The Grassy Knob Wilderness encompasses 17,200 acres of steep rugged terrain and protects rare stands of Port Orford cedar. The wood of this majestic fragrant tree is light, strong, and durable. Its use in planes during World War II and in Japanese construction has made it highly valued, but a fatal root fungus spread by logging trucks accounts for its rarity and astronomically high price. (As you travel around the area, you may notice the dead or dying cedars.)
During World War II, Japanese submarines used Cape Blanco Lighthouse  as an orientation mark to aim planes loaded with incendiary bombs at the Coast Range. The Japanese hoped to ignite forest fires that would destroy the region’s Port Orford cedar trees, which were used to construct airplanes. Because of the perennial dampness, the results were negligible.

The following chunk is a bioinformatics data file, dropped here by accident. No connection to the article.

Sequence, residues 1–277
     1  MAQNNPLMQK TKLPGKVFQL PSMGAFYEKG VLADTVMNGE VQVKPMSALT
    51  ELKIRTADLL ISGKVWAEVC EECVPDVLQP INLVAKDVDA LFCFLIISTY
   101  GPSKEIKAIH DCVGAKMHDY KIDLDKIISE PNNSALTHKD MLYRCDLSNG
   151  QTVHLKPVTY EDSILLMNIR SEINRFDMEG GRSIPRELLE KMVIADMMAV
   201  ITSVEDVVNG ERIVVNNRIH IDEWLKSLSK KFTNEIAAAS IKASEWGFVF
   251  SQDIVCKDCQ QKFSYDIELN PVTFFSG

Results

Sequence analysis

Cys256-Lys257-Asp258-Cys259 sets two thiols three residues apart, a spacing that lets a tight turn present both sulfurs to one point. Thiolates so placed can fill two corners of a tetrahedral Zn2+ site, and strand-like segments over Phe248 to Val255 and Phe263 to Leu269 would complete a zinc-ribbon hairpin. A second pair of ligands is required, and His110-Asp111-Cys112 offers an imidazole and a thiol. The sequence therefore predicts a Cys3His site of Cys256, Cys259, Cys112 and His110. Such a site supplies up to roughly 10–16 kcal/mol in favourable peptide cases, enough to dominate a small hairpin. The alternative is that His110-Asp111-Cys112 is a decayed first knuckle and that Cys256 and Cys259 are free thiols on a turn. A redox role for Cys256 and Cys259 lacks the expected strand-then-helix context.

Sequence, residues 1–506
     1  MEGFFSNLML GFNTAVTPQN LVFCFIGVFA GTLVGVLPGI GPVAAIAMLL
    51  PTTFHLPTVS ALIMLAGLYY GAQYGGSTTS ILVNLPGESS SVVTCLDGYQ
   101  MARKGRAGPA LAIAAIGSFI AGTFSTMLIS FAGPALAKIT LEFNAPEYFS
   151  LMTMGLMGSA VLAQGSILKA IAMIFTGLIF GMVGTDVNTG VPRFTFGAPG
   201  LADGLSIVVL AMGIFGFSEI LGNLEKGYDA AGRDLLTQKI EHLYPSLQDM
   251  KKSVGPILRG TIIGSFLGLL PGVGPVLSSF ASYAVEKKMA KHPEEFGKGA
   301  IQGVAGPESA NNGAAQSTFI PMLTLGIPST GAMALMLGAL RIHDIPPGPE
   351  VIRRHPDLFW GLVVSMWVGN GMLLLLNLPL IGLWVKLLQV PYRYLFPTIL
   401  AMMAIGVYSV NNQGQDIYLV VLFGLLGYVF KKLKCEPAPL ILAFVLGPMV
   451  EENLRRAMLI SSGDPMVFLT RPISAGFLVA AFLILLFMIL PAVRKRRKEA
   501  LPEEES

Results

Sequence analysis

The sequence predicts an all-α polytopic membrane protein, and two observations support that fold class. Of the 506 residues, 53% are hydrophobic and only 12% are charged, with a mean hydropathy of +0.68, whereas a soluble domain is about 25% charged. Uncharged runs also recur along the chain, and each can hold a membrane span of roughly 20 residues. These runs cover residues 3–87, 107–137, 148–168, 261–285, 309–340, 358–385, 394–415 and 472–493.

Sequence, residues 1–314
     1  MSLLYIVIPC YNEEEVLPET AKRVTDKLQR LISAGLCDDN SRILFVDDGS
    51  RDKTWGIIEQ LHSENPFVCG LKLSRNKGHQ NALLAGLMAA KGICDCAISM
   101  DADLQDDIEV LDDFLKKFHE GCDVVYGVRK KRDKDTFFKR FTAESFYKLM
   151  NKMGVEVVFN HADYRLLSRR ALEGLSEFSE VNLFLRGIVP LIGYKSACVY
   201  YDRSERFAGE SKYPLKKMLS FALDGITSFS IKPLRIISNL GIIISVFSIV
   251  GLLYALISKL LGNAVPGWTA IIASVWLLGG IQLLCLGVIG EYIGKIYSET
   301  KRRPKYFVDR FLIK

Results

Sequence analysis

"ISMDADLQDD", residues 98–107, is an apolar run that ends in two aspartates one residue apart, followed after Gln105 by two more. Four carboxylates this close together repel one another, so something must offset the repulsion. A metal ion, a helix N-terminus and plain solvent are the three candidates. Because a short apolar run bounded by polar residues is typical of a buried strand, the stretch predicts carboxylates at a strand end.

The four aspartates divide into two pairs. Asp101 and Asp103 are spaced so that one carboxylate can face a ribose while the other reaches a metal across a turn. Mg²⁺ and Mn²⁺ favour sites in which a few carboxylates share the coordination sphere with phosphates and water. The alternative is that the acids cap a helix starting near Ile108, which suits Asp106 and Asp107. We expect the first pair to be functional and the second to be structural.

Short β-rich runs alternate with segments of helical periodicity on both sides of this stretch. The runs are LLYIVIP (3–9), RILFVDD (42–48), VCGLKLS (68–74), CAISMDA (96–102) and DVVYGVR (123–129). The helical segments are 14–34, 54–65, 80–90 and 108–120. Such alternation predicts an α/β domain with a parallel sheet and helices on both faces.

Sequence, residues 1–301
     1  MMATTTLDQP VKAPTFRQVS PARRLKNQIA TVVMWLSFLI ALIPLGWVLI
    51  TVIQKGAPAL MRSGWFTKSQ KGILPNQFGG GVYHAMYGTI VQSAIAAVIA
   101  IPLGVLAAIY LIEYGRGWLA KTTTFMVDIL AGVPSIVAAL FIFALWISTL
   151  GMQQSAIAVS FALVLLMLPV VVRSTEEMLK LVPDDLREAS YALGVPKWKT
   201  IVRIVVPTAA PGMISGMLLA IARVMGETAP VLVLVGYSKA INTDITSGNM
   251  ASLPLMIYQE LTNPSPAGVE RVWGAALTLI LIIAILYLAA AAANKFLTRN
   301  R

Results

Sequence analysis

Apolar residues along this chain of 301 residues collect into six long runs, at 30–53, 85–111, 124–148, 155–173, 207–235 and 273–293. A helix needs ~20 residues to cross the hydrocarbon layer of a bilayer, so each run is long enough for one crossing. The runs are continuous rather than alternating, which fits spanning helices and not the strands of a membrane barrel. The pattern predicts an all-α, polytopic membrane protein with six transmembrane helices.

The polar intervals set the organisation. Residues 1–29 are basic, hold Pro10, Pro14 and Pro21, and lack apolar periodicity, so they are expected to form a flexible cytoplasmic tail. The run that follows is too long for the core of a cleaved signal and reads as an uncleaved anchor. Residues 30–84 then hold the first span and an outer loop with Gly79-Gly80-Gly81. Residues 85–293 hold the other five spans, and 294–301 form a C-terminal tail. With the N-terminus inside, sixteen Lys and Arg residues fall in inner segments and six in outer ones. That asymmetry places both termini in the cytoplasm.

A short (0.8-mile) but moderately difficult trail leads to the summit of Grassy Knob.
To get here, follow U.S. 101 north of Port Orford  about four miles, then go east on County Road 196 to Forest Service Road 5105, which ends at the trailhead. For more information, contact the Siskiyou National Forest, Powers Ranger District (541/439-3011).